New York Times: E-Books and Best-Seller List

I copied and pasted the article below from this link. It’s just one more of the daily changes happening within the publishing industry in the past few years. And I can’t help but remember that almost two years ago a good friend of mine who works in publishing told me e-books wouldn’t last and there was no reason to take them seriously. Evidently, the NYT seems to think there’s something to e-books now.

In an acknowledgment of the growing sales and influence of digital publishing, The New York Times said on Wednesday that it would publish e-book best-seller lists in fiction and nonfiction beginning early next year.
The lists will be compiled from weekly data from publishers, chain bookstores, independent booksellers and online retailers, among other sources.
Since 1935 The Times has published best-seller lists, widely considered the industry standard. Best-seller lists are also published by Publishers Weekly, a trade publication, and newspapers including The Los Angeles Times and USA Today.
Janet Elder, the editor of news surveys and election analysis for The Times, said the newspaper had spent two years creating a system that tracks and verifies e-book sales.
“We’ve had our eye on e-book sales since e-books began,” Ms. Elder said. “It was clear that e-books were taking a greater and greater share of total sales, and we wanted to be able to tell our readers which titles were selling and how they fit together with print sales.”
E-book sales have risen steeply in 2010, spurred by the growing popularity of the Amazon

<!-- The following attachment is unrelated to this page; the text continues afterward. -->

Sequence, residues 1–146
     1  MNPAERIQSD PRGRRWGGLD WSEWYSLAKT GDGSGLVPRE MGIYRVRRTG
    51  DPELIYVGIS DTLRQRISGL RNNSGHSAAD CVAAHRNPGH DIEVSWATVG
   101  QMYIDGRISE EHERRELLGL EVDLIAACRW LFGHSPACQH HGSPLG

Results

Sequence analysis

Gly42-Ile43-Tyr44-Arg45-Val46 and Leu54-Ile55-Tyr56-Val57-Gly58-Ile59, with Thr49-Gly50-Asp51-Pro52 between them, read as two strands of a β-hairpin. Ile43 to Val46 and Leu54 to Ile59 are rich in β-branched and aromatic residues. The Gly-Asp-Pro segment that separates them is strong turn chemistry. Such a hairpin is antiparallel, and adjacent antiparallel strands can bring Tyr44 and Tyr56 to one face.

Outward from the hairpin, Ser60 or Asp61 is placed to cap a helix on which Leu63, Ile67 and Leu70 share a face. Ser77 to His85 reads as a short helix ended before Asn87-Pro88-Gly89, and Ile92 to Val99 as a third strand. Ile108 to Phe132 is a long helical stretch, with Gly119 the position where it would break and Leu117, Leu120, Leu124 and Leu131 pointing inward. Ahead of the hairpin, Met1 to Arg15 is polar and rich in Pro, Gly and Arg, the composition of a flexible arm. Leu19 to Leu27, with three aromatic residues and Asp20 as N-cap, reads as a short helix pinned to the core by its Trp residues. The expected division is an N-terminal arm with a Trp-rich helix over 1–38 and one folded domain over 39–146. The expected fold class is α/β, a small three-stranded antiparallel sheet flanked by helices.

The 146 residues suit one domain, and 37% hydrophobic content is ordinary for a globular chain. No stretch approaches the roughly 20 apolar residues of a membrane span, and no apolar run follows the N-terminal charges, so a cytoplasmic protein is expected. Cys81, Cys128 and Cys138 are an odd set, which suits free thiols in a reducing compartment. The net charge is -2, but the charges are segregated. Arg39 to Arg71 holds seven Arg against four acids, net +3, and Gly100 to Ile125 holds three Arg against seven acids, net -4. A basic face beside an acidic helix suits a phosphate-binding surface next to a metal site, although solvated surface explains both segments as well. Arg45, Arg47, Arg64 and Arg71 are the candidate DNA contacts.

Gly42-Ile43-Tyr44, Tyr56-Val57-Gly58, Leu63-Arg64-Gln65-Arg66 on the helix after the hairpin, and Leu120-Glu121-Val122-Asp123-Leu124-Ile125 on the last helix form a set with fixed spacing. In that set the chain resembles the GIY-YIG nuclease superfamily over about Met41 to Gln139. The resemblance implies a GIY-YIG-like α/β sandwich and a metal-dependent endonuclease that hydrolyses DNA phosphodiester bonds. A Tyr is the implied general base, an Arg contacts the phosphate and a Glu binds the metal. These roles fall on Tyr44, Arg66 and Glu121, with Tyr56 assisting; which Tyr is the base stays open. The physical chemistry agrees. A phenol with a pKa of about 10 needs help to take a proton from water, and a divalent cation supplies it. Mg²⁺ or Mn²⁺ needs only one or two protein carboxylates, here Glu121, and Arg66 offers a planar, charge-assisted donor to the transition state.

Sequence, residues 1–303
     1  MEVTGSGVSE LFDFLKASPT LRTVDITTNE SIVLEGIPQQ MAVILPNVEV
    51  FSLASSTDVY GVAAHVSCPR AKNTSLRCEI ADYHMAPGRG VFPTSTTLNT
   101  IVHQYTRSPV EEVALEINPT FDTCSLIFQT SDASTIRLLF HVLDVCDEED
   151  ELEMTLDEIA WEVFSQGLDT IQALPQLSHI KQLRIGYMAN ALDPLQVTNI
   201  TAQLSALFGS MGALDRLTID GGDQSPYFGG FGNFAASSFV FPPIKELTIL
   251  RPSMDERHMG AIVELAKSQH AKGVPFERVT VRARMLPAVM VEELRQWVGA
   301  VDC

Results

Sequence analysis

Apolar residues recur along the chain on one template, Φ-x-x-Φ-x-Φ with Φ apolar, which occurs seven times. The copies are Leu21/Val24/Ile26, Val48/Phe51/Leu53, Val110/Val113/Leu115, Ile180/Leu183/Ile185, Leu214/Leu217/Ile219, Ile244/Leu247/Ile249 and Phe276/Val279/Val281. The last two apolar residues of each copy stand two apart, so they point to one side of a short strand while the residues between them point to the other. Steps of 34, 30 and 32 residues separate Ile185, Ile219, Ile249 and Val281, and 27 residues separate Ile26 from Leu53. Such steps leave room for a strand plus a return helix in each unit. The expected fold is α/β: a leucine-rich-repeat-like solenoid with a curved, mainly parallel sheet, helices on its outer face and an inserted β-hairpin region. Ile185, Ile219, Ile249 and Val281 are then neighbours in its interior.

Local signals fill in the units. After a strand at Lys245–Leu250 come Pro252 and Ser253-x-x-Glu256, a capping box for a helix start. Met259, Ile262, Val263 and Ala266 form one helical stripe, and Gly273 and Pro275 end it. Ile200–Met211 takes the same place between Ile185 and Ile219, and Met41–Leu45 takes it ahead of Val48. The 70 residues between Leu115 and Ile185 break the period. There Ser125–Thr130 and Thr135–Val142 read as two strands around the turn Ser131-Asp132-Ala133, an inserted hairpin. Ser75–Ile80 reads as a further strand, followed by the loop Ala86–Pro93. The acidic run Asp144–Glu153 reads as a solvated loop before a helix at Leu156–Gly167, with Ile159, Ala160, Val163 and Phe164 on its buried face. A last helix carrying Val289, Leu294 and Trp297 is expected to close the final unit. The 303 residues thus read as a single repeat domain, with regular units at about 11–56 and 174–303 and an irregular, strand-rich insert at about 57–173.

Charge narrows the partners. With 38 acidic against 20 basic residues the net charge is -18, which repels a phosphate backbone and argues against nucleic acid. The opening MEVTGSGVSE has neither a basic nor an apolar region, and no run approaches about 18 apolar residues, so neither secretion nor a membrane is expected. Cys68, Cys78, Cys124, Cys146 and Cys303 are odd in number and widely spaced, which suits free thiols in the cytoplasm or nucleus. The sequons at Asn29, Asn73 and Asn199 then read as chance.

Kindle and by the release of the Apple iPad in April. According to the Association of American Publishers, which receives sales data from publishers, e-book sales in the first nine months of 2010 were $304.6 million, up from $105.6 million from the same period in 2009, a nearly 190 percent increase.
Several major publishers said that e-books had climbed to about 10 percent of their total trade sales. Some publishing experts have predicted that they will rise to 25 percent in the next two to three years.
RoyaltyShare, a San Diego-based company that tracks data and aggregates sales information for publishers, will work with The Times, provide data and offer an additional source of independent corroboration.
The Times will also redesign the section of its Sunday Book Review that features the best-seller lists. The Times already publishes 14 lists, including those for fiction, nonfiction and advice books in hardcover and paperback, as well as children’s books and graphic books.
“To give the fullest and most accurate possible snapshot of what books are being read at a given moment you have to include as many different formats as possible, and e-books have really grown, there’s no question about it,” said Sam Tanenhaus, editor of the Book Review. The new listings, he added, give readers “the fullest picture we can give them about how a book is doing week to week.”